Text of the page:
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Bill O’Reilly Is Wrong: Jay-Z Is Worthy of America’s Respect
FrontPage Mag ^ | 03/18/2014 | Ronn Torossian

Posted on 03/18/2014 7:26:40 AM PDT by SeekAndFind



Count me as a fan of the divergent brands of Fox News, hip-hop and Jay-Z. Growing up in the Bronx, New York in the 1980s and 1990s, a product of the New York City public school system, hip-hop is in my blood. It has changed my life for the better, as the hip-hop lifestyle teaches so many important American values. From the importance of rising up no matter what your circumstances, to constantly working hard and seeking more and more, to personal responsibility, there are so many hip-hop values that all Americans – including political conservatives – must appreciate.

As CEO of a leading New York PR agency, we have represented countless hip-hop artists, including Sean “Diddy” Combs, Ice-Cube, Snoop Dogg and others — and it’s been a great experience.

As readers of FrontPage Magazine know, I am a proud conservative – for many reasons. Foremost among those reasons is the fact that I shouldn’t be penalized tax-wise for my success. No one gave me anything. As a conservative, it is evident that the media are often liberally-biased and Fox News, the fair and balanced network, has eliminated liberal bias from at least one station. Yet, too often conservatives are out of touch with youth culture, and a perfect example of that is overlooking the countless ways that hip-hop has made America a better country.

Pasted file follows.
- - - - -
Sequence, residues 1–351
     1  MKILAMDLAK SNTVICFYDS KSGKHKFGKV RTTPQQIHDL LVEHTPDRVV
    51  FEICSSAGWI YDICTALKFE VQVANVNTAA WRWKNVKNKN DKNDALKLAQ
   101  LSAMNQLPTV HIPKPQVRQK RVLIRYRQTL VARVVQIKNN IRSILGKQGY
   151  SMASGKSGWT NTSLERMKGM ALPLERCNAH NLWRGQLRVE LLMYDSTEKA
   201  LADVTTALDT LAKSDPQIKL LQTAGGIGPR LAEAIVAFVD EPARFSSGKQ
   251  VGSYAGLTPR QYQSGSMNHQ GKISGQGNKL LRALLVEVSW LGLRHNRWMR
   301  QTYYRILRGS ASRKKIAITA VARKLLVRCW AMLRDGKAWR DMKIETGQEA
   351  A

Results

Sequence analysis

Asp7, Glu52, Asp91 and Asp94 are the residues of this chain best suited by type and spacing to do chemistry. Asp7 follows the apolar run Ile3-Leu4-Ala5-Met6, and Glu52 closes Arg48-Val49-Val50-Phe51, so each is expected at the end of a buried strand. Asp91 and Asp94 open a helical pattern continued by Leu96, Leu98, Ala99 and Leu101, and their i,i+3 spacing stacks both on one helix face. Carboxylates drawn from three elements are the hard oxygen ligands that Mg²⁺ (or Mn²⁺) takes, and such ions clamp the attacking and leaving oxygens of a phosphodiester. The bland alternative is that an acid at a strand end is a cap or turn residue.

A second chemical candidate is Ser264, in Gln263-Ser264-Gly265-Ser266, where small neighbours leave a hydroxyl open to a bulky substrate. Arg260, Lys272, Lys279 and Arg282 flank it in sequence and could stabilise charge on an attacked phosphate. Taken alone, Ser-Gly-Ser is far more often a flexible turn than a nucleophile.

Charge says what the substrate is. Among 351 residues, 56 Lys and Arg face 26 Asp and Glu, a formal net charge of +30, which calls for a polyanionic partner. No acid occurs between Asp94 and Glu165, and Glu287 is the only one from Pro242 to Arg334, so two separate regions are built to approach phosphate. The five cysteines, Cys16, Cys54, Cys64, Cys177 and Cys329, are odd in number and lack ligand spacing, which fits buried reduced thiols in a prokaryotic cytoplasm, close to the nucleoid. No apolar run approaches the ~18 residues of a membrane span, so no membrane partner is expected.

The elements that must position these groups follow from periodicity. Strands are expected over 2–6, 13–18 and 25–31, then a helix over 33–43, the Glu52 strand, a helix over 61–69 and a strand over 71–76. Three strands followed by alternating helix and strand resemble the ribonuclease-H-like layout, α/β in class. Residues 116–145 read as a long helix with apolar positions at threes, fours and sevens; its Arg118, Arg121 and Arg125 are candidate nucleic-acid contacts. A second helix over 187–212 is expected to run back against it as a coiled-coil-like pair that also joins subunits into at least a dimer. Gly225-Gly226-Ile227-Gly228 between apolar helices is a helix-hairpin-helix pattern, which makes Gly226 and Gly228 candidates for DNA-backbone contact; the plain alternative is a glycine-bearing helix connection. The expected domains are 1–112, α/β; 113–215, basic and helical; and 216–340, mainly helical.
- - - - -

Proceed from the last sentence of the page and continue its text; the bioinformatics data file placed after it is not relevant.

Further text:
Bill O’Reilly’s perpetual attacks upon the hip-hop industry are wrong and misguided. This week, O’Reilly confronted Valerie Jarret, a senior advisor to President Obama, on-air as they were discussing Obama’s new “My Brother’s Keeper” initiative, which seeks to help minorities find role models. O’Reilly said, “You’re gonna have to get people like Jay-Z, alright, Kanye West, all of these gangsta rappers to knock it off. That’s number one.” He continued, saying that young males idolize “these guys with the hats on backwards” and “terrible rap lyrics,” and that these “gangsta rappers” and “tattoo guys” need to speak to kids and tell them that they’ve “got to stop the disruptive behavior or you’re going to wind up in a morgue or in prison.”

O’Reilly continually speaks negatively about hip-hop, and inaccurately claimed that Jay-Z and Kanye West were “gangster rappers.” They aren’t. While Jay-Z made many mistakes growing up – as a drug dealer he undoubtedly hurt many people — none of us are perfect. The man is tremendously influential and has shown so many of us how to overcome adversity and become successful. With sheer determination, Jay-Z has succeeded as a world-class entrepreneur, and demonstrated how self-confidence, passion and a strong work ethic can allow anyone in this great country to get anywhere.

At times, as an entertainer, Jay-Z curses and is inappropriate. “The Terminator” was inappropriate as well, as were other characters played by Arnold Schwarzenegger in countless movies. Indeed, there are PG-13 and R-rated movies and actors. But the real life of Jay-Z today is parental-encouraged, and worthy of being viewed by all. People should watch and learn from Jay-Z.